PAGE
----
IMMOKALEE, Fla. - Over 100 people in Immokalee boarded buses and rode in vans to make their way to Tampa to protest Publix Grocery Stores. Many of the people are farm workers who want the supermarket chain to pay workers a penny more per pound of tomatoes picked.
"Physically we're tired but inside we have a lot of hope," Lucas Benitez with the Coalition for Immokalee Farmworkers tells me.
Benitez knows many of his co-workers had long days of working in the fields, not getting home until 7 or 8 p.m., before coming straight to the coalition headquarters.
"We want to show to the public what is the reality behind Publix."
This group of protesters will join up with over 1,500 more in Tampa Friday to protest against Publix, one of the main buyers of tomatoes picked right in Immokalee.
Benitez says Publix doesn't want to pay the one penny more per pound of tomatoes the group is fighting for. According to him, the 40 to 45 cents per 32 pound bucket of tomatoes is a payment that hasn't changed since 1978.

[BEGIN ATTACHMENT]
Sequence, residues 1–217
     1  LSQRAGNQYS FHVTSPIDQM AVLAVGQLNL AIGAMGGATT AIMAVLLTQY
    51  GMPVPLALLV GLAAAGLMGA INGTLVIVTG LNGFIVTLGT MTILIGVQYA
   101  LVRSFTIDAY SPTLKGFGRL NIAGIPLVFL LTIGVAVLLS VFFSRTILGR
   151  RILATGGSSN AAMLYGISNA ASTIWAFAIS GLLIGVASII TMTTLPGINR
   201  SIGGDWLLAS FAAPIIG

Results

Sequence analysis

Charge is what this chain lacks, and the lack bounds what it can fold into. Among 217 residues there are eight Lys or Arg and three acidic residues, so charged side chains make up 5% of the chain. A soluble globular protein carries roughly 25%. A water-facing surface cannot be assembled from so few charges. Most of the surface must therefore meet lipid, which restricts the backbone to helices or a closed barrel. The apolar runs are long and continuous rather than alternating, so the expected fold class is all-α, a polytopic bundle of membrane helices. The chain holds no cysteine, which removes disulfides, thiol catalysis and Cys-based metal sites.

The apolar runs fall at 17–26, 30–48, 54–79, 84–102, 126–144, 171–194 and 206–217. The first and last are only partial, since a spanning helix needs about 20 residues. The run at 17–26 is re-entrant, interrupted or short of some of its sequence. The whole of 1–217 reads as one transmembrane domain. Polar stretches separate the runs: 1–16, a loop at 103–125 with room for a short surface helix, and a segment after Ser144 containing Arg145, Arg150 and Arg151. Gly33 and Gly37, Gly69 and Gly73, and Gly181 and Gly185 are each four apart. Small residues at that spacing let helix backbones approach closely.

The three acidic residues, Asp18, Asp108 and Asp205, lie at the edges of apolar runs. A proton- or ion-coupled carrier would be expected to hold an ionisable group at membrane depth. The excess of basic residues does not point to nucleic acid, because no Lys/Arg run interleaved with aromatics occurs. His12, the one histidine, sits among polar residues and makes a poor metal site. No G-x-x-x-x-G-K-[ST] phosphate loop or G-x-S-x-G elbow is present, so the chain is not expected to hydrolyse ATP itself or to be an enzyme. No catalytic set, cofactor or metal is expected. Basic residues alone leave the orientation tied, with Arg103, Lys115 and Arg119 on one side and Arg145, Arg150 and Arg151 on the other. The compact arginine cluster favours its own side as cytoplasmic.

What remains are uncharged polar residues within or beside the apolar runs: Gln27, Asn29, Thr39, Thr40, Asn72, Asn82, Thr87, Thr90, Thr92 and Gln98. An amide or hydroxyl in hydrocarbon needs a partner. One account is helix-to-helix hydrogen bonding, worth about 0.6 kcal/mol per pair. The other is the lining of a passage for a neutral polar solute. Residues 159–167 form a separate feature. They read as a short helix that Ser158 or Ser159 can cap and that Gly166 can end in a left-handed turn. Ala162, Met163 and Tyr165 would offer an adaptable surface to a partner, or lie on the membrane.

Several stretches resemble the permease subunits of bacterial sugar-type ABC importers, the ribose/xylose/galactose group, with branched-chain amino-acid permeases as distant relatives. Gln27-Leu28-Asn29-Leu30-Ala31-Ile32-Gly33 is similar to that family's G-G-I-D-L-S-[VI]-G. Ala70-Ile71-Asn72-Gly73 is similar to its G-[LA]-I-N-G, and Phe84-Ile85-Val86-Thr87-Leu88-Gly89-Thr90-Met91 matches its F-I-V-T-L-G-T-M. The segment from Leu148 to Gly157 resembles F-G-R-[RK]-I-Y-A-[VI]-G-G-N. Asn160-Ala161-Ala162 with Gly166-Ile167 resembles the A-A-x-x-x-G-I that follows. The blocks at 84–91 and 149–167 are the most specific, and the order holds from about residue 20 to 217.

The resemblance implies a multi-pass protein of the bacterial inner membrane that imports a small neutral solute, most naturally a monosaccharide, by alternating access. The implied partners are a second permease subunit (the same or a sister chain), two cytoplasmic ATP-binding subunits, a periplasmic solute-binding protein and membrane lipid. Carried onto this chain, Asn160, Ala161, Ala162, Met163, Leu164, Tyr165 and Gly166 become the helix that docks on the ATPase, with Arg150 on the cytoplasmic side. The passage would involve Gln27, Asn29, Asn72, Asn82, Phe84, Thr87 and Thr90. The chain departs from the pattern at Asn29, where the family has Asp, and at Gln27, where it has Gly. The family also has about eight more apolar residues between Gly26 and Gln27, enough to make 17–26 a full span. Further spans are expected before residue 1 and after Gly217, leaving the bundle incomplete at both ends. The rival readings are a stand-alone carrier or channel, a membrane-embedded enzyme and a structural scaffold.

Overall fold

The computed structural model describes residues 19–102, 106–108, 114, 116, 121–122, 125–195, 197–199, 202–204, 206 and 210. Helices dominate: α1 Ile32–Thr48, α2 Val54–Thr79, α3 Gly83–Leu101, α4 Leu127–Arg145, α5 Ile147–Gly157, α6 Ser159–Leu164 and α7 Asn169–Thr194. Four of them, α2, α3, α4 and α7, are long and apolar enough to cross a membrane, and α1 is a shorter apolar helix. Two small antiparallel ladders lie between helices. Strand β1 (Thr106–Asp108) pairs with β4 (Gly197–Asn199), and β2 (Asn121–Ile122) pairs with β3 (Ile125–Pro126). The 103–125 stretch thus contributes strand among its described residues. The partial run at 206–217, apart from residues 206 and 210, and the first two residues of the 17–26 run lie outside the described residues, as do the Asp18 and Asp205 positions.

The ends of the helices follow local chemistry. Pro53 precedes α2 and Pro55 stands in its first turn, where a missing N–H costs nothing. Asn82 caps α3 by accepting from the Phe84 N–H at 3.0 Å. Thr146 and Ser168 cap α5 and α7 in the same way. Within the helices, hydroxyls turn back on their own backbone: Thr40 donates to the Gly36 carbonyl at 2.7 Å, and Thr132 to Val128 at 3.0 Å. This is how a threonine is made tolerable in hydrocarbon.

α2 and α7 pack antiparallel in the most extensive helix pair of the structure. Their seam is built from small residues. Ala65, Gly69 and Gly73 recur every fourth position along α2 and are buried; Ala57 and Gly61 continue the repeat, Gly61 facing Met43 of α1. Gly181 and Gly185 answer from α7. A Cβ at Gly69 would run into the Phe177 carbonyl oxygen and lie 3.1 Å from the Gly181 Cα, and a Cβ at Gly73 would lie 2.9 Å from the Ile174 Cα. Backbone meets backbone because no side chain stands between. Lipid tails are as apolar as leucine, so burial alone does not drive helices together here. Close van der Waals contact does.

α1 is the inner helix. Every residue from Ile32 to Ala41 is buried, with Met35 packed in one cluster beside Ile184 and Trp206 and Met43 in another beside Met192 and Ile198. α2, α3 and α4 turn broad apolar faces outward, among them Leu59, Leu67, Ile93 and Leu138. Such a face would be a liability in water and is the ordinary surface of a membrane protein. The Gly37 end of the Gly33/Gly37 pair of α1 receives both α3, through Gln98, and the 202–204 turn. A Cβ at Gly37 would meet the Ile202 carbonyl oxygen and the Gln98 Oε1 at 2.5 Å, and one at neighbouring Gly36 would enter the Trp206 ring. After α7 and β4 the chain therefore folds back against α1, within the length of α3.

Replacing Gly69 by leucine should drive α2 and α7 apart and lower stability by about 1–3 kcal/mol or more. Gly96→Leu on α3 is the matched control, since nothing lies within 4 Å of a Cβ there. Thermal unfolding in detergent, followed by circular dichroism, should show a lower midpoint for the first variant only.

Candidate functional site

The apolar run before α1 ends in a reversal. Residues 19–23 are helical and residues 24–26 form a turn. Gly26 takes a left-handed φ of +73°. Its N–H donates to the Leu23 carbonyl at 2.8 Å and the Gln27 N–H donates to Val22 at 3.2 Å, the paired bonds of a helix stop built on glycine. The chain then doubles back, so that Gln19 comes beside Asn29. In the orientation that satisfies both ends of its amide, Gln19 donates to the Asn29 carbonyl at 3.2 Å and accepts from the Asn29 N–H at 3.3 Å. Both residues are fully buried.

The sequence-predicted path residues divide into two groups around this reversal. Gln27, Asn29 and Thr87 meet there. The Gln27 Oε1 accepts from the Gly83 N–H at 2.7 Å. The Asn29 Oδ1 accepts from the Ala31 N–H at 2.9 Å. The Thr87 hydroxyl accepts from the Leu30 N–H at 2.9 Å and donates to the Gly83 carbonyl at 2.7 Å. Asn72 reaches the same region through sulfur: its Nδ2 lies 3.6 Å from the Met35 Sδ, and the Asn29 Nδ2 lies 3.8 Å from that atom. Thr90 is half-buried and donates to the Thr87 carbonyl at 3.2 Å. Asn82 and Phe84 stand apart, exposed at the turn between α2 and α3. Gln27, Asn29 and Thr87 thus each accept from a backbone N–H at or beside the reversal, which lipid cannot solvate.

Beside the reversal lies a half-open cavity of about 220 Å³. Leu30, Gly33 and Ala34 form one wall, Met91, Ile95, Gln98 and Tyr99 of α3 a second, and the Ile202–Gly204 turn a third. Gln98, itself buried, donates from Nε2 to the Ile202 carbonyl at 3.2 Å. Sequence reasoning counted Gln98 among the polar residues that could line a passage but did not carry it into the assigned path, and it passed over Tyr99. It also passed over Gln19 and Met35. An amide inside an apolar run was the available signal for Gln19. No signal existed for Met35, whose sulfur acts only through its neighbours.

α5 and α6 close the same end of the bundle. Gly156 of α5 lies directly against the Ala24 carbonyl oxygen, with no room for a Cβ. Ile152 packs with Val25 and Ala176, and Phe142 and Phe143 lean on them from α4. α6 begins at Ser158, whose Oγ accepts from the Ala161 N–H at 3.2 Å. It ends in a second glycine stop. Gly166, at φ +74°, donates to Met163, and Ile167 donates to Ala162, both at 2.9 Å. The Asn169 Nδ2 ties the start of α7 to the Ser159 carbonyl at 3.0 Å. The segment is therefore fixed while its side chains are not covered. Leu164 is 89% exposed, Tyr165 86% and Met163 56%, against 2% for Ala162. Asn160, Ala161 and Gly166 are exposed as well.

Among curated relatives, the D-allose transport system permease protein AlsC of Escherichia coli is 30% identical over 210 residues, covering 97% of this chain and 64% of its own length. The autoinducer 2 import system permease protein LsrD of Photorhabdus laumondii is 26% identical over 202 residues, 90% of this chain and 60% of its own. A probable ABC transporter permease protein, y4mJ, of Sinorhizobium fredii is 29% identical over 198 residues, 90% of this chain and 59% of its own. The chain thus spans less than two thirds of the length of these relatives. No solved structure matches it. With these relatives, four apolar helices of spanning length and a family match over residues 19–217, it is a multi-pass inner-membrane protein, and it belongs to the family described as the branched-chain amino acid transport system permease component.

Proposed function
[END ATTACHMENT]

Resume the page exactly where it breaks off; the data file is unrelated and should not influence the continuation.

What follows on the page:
So far, the coalition has successfully put pressure on such companies as McDonald's, Burger King and major food service leader Aramark to pay a penny more per pound.
"So when we ask one penny more per pound and Publix pays this, (it) represents almost double the wages for the farm worker," Benitez explains.
Protesters will be marching 25 miles from Tampa to Lakeland over the weekend, trying to show the supermarket giant they mean business. For those going on the trip, the days away from the fields will mean sacrifice at home. Especially, after many dealt with a rough winter that already picked their pockets clean.
"Three days represents a lot of efforts for us, but represent bigger steps in the campaign."
Once the buses reach Tampa, they will be dropping everyone off at different churches where many will be sleeping on the floor before beginning the rally at 9 a.m.
We tried to reach a representative from Publix, but were unsuccessful. In the past, Publix has said they pay market value and choose not to get involved in labor disputes of suppliers.